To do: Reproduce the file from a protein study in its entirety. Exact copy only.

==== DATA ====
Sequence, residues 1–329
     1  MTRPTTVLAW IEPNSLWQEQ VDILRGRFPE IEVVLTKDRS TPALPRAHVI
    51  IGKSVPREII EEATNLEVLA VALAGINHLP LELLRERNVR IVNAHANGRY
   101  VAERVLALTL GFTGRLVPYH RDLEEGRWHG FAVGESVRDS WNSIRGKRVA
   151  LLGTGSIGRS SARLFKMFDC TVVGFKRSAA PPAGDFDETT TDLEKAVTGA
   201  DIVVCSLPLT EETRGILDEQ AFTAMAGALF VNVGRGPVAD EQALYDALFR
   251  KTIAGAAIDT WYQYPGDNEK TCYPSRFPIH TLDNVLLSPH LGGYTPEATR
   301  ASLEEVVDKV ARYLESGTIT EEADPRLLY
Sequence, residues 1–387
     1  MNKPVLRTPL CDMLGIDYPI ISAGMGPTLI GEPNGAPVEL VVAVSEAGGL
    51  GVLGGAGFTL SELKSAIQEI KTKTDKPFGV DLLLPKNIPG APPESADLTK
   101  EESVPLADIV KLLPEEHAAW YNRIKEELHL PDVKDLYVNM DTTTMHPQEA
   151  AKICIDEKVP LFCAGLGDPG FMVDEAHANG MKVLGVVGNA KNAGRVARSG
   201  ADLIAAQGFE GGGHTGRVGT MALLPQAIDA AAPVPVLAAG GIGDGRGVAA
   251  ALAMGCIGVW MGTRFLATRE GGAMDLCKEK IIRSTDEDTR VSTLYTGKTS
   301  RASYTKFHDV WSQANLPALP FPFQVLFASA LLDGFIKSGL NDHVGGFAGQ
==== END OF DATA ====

Sequence, residues 1–329
     1  MTRPTTVLAW IEPNSLWQEQ VDILRGRFPE IEVVLTKDRS TPALPRAHVI
    51  IGKSVPREII EEATNLEVLA VALAGINHLP LELLRERNVR IVNAHANGRY
   101  VAERVLALTL GFTGRLVPYH RDLEEGRWHG FAVGESVRDS WNSIRGKRVA
   151  LLGTGSIGRS SARLFKMFDC TVVGFKRSAA PPAGDFDETT TDLEKAVTGA
   201  DIVVCSLPLT EETRGILDEQ AFTAMAGALF VNVGRGPVAD EQALYDALFR
   251  KTIAGAAIDT WYQYPGDNEK TCYPSRFPIH TLDNVLLSPH LGGYTPEATR
   301  ASLEEVVDKV ARYLESGTIT EEADPRLLY
Sequence, residues 1–387
     1  MNKPVLRTPL CDMLGIDYPI ISAGMGPTLI GEPNGAPVEL VVAVSEAGGL
    51  GVLGGAGFTL SELKSAIQEI KTKTDKPFGV DLLLPKNIPG APPESADLTK
   101  EESVPLADIV KLLPEEHAAW YNRIKEELHL PDVKDLYVNM DTTTMHPQEA
   151  AKICIDEKVP LFCAGLGDPG FMVDEAHANG MKVLGVVGNA KNAGRVARSG
   201  ADLIAAQGFE GGGHTGRVGT MALLPQAIDA AAPVPVLAAG GIGDGRGVAA
   251  ALAMGCIGVW MGTRFLATRE GGAMDLCKEK IIRSTDEDTR VSTLYTGKTS
   301  RASYTKFHDV WSQANLPALP FPFQVLFASA LLDGFIKSGL NDHVGGFAGQ